Date: August 19 2012
Julian Assange continues to be the subject of Australian intelligence reports more than a year after the WikiLeaks website published thousands of leaked US military and diplomatic documents.
In a recent freedom-of-information decision, the Department of Foreign Affairs and Trade confirmed to Fairfax Media the existence of at least two intelligence reports concerning WikiLeaks and Assange from Australia's embassy to the United States in February and March this year.
The secret Washington embassy cables, one running to 10 pages, have been withheld from release because they are ''intelligence agency documents.'' Australia's intelligence agencies - including the Australian Security Intelligence Organisation and the Australian Secret Intelligence Service - are all represented in Washington and liaise closely with their American counterparts.
Other freedom-of-information decisions have also revealed Australian intelligence interest in WikiLeaks and Assange. In December 2010, Prime Minister Julia Gillard received a ''top secret'' ASIO briefing on WikiLeaks that was accompanied by media talking points concerning ''WikiLeaks release of ASIO-derived information.''
Foreign Affairs and Trade deputy secretary Gillian Bird consulted with ASIS when preparing briefing about WikiLeaks for former foreign minister Kevin Rudd in December 2010. The entire brief has been withheld from release on national security grounds.
Other diplomatic cables relating to WikiLeaks and Assange sent from the Washington embassy though late 2010 and 2011 have also been withheld from release because they contain intelligence information. Australia's ambassador to the US, former Labor leader Kim Beazley, has made high-level representations seeking advance warning of any US moves to extradite Assange on charges arising from WikiLeaks obtaining secret US government information.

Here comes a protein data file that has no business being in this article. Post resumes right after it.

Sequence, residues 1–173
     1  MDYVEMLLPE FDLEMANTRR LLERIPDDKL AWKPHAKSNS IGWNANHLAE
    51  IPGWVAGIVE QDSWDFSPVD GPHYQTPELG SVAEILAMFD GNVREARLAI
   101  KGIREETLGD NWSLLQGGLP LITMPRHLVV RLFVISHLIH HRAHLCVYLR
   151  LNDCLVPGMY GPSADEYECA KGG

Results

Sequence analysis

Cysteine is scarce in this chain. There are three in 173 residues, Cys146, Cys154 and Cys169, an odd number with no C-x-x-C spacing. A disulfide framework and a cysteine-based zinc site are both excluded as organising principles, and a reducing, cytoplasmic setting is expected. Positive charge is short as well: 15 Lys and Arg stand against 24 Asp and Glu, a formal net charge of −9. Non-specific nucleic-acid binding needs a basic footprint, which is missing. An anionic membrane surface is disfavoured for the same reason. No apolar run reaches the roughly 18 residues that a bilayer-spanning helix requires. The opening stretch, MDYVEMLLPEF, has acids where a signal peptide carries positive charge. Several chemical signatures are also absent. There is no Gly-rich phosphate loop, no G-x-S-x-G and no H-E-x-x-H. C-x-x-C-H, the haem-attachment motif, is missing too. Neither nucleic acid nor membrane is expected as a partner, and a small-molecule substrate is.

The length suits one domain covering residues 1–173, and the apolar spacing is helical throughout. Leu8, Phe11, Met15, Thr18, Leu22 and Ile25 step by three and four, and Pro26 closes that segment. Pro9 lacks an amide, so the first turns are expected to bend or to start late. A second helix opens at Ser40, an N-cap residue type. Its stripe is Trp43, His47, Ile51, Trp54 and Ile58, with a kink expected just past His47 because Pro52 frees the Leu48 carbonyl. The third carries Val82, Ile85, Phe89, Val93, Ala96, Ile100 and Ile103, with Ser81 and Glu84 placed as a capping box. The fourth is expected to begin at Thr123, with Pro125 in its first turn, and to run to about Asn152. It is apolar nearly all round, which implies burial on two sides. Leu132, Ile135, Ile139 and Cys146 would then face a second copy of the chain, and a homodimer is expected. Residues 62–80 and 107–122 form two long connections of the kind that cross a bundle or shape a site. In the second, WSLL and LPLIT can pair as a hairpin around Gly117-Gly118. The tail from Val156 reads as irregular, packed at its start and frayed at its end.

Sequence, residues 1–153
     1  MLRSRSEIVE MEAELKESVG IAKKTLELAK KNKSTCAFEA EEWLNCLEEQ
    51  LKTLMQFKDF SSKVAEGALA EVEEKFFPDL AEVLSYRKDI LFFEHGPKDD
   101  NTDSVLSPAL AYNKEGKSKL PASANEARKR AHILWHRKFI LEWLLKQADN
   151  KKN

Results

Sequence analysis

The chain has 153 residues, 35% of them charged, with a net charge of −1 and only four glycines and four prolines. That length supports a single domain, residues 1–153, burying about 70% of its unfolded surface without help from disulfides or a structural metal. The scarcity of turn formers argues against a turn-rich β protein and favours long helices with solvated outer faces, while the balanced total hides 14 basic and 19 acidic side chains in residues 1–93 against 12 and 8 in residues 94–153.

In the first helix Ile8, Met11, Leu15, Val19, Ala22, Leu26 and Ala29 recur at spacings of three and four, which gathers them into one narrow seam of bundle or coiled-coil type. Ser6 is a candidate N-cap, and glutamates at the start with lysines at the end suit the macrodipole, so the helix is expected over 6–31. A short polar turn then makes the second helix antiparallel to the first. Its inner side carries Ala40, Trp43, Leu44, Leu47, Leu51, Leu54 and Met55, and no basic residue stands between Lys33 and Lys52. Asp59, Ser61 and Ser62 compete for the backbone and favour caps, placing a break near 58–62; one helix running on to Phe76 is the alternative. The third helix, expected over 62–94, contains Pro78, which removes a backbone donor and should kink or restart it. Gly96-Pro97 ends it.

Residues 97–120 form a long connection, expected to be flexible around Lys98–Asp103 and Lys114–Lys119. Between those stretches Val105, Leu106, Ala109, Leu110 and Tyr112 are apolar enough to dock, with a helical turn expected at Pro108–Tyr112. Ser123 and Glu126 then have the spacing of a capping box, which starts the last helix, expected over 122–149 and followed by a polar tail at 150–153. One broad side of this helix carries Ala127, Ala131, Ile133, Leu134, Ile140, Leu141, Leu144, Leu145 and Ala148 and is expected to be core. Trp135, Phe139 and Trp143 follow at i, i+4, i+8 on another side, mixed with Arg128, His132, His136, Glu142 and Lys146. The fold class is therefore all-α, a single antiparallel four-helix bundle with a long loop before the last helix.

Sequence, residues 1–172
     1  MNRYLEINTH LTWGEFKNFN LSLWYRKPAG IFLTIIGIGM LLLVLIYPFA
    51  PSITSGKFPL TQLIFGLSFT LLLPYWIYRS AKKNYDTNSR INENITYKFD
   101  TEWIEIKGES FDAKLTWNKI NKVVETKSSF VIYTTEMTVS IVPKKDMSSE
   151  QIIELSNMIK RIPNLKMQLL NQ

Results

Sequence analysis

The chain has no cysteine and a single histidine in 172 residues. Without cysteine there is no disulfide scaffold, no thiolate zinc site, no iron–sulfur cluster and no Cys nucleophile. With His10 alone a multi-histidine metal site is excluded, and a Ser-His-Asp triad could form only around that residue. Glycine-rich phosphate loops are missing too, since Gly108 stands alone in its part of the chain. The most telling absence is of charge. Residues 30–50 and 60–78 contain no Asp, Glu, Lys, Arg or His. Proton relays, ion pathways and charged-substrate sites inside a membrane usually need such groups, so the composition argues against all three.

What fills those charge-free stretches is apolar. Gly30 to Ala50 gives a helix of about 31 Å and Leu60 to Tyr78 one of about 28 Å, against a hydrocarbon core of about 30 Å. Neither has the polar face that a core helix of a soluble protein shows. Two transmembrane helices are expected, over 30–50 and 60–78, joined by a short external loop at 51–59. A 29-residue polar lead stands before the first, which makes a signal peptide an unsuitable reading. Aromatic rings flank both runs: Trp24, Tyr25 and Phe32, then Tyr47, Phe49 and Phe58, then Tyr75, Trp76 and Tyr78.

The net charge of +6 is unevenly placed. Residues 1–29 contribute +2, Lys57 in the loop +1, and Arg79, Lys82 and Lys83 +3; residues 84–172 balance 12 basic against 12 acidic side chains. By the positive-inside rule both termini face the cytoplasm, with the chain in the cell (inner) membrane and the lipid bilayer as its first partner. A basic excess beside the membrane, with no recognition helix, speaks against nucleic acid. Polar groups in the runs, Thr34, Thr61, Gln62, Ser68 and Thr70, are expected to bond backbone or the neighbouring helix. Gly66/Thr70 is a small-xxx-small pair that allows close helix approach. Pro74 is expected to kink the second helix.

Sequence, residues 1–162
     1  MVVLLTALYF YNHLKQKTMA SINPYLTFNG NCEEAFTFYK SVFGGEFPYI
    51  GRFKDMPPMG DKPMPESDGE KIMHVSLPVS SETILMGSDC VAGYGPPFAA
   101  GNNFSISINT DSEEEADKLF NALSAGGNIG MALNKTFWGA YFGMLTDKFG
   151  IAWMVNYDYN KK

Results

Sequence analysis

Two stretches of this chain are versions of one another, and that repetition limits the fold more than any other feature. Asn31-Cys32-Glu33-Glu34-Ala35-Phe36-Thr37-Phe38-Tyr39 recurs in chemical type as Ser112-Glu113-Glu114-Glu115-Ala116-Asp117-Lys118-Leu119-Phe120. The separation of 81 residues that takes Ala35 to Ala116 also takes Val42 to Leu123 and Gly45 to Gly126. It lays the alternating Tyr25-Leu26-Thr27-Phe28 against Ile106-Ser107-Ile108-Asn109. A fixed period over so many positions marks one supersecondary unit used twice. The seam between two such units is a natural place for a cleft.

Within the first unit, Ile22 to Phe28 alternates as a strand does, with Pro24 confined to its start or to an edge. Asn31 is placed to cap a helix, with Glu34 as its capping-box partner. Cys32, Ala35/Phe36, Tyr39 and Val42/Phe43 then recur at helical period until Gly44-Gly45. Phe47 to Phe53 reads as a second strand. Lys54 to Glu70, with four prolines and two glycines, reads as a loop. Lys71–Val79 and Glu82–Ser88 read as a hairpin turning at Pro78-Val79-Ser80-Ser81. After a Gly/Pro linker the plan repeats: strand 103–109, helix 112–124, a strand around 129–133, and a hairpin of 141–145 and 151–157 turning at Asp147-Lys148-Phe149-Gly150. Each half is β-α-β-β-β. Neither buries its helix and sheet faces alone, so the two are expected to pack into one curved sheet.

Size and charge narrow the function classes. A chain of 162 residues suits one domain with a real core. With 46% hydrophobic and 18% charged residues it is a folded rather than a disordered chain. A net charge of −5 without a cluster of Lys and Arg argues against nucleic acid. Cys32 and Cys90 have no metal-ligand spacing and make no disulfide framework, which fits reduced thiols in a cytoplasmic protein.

On Thursday, Ecuador granted Assange political asylum at its London embassy on the grounds that if extradited to Sweden to face sexual assault allegations he will be at risk of extradition to the US.
Foreign Minister Bob Carr yesterday continued to deny any knowledge of any intention by Washington to prosecute Assange.
Senator Carr confirmed that Australia is monitoring the US military prosecution of Private Bradley Manning, who allegedly leaked information to WikiLeaks.
In June, Senator Carr told the ABC Insiders program: ''I've received no hint that they've got a plan to extradite [Assange] … I would expect that the US would not want to touch this.''
Australia's Washington embassy reported in February that ''the US investigation into possible criminal conduct by Assange has been ongoing for more than a year''.
A spokesman for Senator Carr acknowledged yesterday that WikiLeaks could be linked to that investigation but insisted that did not mean the US is intent on extraditing Assange.
British police are stationed outside Ecuador's London embassy, ready to arrest Assange if he leaves the building.
This material is subject to copyright and any unauthorised use, copying or mirroring is prohibited.
[ Canberra Times | Text-only index]